30 grains of H4198 (4198 is a faster burning powder) under the same bullet 1450 or so and less then 14000 psi. If your gun is very strong, 33/H4198 will give almost 1550 fps and at a cost of 16,000 psi. Whereas 40/H4895 will give around the same velocity and just under 19000 psi...but that is certainly tops for these old timers. If you want higher velocities go to 300 grain bullets, there is a goodly amount of molds and already cast 300 grainers on the market - even an occasional 300 grain jacketed bullet won't hurt them. Though the barrel steel wasn't designed for jacketed, it's still steel and harder then copper. Hornady's 300 grain jacketed flat point doesn't just kill deer, it flattens them. With 40 grains of H4895 as a starting point, work up.1600 fps is possible, and that is a killer on deer and black bear sized animals. In fact, a 300 grain bullet out of a Freedom Arms .454 revolver at 1600 fps is a load used in the hunting fields all the time.

LEVEL TWO LOADS:

I keep my level two loads to around 28,000 psi. For a 300 grain bullet, like the jacketed Hornady, 35 grains of IMR 4227 will give you well over 1850 fps and that's a killing load on medium game like deer and black bear. With a stouter bullet like the Speer 350 grain flat point, 51 grains of AA2015 will give near 1700 fps and elk and other big game will fall to it. 53 grains of H4895 will come very close to the same velocity and I have found it to be very accurate with this Speer bullet. With 61.5 grains of 748 and this 350 gr. bullet, over 1850 grains is possible but you are running out of powder room in the 45-70 case. The 400 gr. Speer is also a fine bullet that gives outstanding accuracy and 748 is the powder of choice. 59 grains is all I can crowd under this 400 grain flat nose but at 1800 fps and over 2800 ft.lbs. of muzzle energy, you are talking very big game loads so these level two guns are not chicken little when it comes to power.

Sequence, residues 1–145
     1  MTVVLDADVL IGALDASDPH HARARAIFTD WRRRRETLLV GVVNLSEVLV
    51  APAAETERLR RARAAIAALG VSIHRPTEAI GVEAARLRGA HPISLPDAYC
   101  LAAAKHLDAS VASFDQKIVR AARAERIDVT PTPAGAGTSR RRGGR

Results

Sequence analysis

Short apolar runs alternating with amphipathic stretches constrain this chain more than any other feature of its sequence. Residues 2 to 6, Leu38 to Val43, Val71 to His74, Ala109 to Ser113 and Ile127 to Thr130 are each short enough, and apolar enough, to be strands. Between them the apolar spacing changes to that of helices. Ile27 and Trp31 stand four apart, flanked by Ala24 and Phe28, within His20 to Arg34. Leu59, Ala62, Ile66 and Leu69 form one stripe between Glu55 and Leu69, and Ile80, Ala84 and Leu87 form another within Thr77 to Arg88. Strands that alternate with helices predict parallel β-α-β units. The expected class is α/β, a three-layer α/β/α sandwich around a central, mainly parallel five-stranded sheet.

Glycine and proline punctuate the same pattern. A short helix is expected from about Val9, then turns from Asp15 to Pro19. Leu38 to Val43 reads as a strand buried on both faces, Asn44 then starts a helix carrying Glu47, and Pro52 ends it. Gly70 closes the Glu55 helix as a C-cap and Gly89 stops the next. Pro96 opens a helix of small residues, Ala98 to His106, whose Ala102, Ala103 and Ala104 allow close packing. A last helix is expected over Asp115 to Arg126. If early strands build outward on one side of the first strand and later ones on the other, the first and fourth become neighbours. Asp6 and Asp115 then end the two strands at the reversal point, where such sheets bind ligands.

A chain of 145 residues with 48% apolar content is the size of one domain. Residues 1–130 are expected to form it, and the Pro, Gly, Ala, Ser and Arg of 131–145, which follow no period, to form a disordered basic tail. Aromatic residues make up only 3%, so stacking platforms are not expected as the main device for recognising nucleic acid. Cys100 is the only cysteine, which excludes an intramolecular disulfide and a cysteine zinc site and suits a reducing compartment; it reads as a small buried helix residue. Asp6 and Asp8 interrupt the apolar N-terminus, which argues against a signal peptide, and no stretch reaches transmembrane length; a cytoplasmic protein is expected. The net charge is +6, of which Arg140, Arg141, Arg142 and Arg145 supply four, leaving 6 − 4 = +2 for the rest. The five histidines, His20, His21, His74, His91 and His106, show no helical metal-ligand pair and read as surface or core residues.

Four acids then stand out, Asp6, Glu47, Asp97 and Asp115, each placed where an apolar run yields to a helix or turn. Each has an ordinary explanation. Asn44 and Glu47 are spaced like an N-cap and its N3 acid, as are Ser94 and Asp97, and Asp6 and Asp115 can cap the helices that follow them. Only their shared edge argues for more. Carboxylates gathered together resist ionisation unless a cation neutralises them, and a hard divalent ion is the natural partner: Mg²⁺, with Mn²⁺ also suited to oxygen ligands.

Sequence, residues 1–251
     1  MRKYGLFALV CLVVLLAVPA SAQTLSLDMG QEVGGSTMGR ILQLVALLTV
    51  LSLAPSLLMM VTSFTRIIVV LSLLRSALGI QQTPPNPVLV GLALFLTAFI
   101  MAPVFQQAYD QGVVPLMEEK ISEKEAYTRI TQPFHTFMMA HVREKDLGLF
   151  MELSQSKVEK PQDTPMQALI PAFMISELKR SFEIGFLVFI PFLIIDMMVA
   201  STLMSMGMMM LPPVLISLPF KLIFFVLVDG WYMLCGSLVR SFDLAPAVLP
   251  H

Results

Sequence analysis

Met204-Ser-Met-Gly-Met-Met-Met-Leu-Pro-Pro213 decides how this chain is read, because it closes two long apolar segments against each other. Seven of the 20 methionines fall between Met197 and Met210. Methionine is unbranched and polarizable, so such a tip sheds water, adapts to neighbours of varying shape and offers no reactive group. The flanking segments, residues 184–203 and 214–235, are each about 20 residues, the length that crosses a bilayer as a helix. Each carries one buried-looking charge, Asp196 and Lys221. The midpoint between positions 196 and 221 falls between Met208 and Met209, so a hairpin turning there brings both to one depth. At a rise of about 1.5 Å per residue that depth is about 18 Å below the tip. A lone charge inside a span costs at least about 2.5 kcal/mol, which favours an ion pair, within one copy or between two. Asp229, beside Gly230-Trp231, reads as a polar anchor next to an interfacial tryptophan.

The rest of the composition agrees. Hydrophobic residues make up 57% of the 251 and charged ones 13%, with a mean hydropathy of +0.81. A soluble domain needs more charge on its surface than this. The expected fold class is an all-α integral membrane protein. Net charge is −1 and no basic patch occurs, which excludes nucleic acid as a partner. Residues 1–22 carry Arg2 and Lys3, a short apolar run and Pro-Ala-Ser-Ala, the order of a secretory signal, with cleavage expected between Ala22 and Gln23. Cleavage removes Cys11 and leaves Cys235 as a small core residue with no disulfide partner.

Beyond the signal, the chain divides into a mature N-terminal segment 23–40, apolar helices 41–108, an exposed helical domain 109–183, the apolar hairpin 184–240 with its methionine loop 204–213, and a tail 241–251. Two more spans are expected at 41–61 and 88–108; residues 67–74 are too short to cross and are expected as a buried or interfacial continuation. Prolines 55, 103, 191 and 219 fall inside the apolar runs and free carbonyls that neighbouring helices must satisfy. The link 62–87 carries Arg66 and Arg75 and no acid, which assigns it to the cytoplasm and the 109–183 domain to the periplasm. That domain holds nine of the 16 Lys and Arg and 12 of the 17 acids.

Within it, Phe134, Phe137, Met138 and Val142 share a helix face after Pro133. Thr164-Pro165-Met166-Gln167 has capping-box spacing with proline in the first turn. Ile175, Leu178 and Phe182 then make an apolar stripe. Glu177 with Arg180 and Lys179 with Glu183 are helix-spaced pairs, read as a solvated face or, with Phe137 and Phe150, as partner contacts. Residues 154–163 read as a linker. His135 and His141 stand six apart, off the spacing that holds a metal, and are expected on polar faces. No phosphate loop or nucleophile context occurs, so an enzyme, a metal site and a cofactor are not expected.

LEVEL THREE:

Then there are the level three rifles, and most likely the largest user of .45-70 ammo in our game fields. If any animal in America won't fall to a well-placed shot from a .45-70 level three power load then as a good friend said, "you shouldn't have gotten into an argument with it in the first place."

When you are pushing a 350 grain Speer jacketed flatnose at 2050 fps and almost ton and three quarters muzzle energy they are not going to talk back if you do your part, (57/AA2015). I would brain an elephant, without hesitation, using a heavy jacketed 458 magnum designed bullet in 350 grains, like the Hornady 350. How much more power do we need for hunting in the lower 48 states?

The largest animal you can take would be a buffalo, and he's no risk. But just in case that is not enough then Speer makes a 400 grain bullet that you can push with 53 grains of AA2015 and 1900+ fps velocity, as will 57 grains of H335. These two loads of 2015 powder must be worked up to, they are top loads. Don't think that I lowered the powder charge to be careful for you, I didn't. The usual good advice: Start 10% below and work up.

ReL7 is a fine powder in the 1895 Marlins and will be, I am sure, in Winchester's BB 45-70 when they get it off the ground. With 53 grains the Hornady 300 grain jacketed bullet will go over 2250 fps, 52 grains of IMR 4198 will go 2150 and 59 grains of 3031 will do the same. These are great hunting loads. 47/4198 (IMR) will push the 350 grainer to 1900 fps as will 50 grains of ReL7 also. With 58 grains of 4320 under the 400 grain Speer you get a little over 1800 fps and a good deal of accuracy.